Sir Michael Cullen died last night in Whakatāne. He was 76.
In March 2020, Cullen said he had been diagnosed with advanced lung cancer.
Former Prime Minister Helen Clark, whom Cullen served with as Minister of Finance and Deputy Prime Minister, said she received the news with "profound sadness".
"Michael was an utterly dependable Deputy Prime Minister and Minister of Finance. One could throw any big and knotty policy challenge at him - there were many of those, and he would find a solution for it.
"Our Government was indebted to his courage, determination, insights, and brilliance," she said.
Clark said Cullen had a "deep commitment to social democratic values".
"He was deeply committed to making New Zealand a place of which everyone could feel proud and in which each could feel that they had a personal stake," she said.
Clark said as well as the Superannuation Fund and KiwiSaver, Cullen's legacy included interest-free student loans, 20 hours' free early childhood education, more affordable primary health care, the establishment of Kiwibank, and buying back Air New Zealand and KiwiRail.
Prime Minister Jacinda Ardern said New Zealand was "richer, in every sense of the word, for Michael's life".
"He gave his life to making this place better for everyone," she said.
"He fought for social justice at every turn, understanding the need for balance and pragmatism at times, but always focused on the big picture and the long term."
Former Prime Minister, and Cullen's old political opponent, Sir John Key said he "had enormous respect" for Cullen.
"He was academically brilliant and extremely funny even when much of the time I was the target of that humour.
"His legacy in the area of savings, both KiwiSaver and the Superfund, will be enduring.
"History will remember him well, which is maybe the ultimate accolade for a professionally trained historian."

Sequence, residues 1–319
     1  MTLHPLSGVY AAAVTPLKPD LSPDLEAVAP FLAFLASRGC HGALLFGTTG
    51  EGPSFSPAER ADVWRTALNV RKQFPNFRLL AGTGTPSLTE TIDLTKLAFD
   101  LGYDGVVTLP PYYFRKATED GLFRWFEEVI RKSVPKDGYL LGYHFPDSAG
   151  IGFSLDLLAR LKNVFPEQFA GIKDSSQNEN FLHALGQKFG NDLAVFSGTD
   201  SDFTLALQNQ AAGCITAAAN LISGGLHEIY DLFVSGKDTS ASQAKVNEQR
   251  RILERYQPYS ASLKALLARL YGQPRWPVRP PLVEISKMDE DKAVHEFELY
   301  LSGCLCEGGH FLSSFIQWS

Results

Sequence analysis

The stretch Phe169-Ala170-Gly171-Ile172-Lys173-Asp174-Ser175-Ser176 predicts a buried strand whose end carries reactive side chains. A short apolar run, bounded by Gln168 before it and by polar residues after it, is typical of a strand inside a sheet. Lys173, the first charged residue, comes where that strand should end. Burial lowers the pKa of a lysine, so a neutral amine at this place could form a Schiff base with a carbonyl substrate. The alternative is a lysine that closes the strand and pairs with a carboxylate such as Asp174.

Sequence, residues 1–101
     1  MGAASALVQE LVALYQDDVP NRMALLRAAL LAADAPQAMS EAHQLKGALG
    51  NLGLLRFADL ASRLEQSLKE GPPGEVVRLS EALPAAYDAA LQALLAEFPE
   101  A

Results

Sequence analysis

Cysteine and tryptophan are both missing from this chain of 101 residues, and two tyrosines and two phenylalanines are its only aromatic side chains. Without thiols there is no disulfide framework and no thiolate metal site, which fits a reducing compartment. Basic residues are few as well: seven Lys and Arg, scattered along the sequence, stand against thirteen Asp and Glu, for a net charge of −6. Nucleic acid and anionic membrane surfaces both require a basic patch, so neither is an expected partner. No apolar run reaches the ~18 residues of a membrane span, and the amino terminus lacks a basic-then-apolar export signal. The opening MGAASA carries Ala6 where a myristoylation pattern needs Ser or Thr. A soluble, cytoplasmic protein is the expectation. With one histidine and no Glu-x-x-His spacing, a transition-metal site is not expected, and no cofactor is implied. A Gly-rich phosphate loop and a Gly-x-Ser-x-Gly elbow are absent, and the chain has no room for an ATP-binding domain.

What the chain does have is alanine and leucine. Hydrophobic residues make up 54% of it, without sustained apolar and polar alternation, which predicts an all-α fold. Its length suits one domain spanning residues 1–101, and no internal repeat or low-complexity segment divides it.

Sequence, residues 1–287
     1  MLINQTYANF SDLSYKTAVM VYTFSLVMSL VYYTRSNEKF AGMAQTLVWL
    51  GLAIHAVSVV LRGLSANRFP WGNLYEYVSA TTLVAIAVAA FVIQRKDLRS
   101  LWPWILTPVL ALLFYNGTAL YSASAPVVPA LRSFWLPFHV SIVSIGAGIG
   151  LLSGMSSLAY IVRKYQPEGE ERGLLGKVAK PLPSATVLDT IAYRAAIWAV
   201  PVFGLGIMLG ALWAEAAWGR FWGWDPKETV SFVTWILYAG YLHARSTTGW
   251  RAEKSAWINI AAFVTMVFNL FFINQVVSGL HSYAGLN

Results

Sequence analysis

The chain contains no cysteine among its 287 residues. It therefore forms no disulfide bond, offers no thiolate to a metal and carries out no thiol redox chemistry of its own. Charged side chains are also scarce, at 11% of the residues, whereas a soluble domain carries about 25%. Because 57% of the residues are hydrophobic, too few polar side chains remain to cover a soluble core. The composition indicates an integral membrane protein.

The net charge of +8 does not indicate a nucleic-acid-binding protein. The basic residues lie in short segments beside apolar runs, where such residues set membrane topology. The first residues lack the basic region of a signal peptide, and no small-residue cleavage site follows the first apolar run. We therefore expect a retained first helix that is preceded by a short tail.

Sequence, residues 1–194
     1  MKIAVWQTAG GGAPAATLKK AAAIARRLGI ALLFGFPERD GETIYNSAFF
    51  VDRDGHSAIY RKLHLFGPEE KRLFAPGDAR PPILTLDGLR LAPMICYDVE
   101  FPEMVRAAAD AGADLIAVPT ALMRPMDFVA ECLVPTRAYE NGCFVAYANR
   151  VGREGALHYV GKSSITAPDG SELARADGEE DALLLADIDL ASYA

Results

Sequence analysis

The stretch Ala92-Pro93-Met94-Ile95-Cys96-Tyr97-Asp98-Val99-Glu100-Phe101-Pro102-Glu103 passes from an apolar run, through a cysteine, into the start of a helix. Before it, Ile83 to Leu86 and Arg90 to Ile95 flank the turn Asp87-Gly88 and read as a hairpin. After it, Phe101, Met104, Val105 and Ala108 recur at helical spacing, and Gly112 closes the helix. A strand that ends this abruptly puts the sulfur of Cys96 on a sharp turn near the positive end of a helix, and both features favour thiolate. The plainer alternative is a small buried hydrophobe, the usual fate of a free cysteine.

Former Deputy Prime Minister Winston Peters, who served in Parliament and Government with Cullen over much of his career, said Cullen "quickly established himself as an intelligent, well-educated and witty Parliamentarian, which is not common".
"He made a difference as Deputy Prime Minister at a very difficult time," Peters said.
"He was very much like, in different ways a combination of David Lange and - dare I say it - [Robert] Muldoon in terms of being capable of being understood."
Deputy Prime Minister Grant Robertson said Cullen had made an "enormous" contribution to New Zealand's long-term economic prosperity and stability.
Cullen anointed Robertson his "successor" in his recent memoir, Labour Saving.
"His contribution to New Zealand's long-term economic prosperity and stability has been enormous. As the architect of KiwiSaver, the New Zealand Super Fund and Working For Families he has left behind an economically more secure country," Robertson said.
"Each of these policies on their own would define a political career, but taken together they represent one of the most significant contributions any politician has made in recent times."
Robertson told RNZ Cullen had been a "rock" of support and kindness after he took the role of Finance Minister in 2017.
One of Cullen's closest former colleagues, former Health Minister Annette King, said Cullen was "gone far too early - he will be sadly missed".
King got to know Cullen when she entered Parliament in 1984, one term after him.
"In 1984, I was a rookie and he was already established.
"I first saw his formidable memory and wit when he invited me to one of his famous BNZ debates.
"Michael Laws organised them. [Cullen] invited me to be on his team in these BNZ debates and I saw this incredible wit and intellect and the fastness of his repartee," she said.
King recalled Cullen's wit could quickly defuse tense Labour caucus meetings.
"On many occasions when there could be tense conversations in the caucus, one of Michael's one-liners would dissolve the caucus into laughter," she said.
Cullen had the "endearing quality" of passing notes to his colleagues on subjects he thought they would find amusing.
"I don't think I can probably share them," Kind said.
"They were personal notes but they were always on target and something silly that would happen," she said.
King said the Clark Government relied on Cullen as a problem solver.
She said she never walked out of a meeting with Cullen unhappy.
"[Associate Finance Minister Trevor Mallard] was always the hard man in negotiations around Budget time. Michael would listen to the argument I'd put up wanting something for Health and then come up with a solution," King said.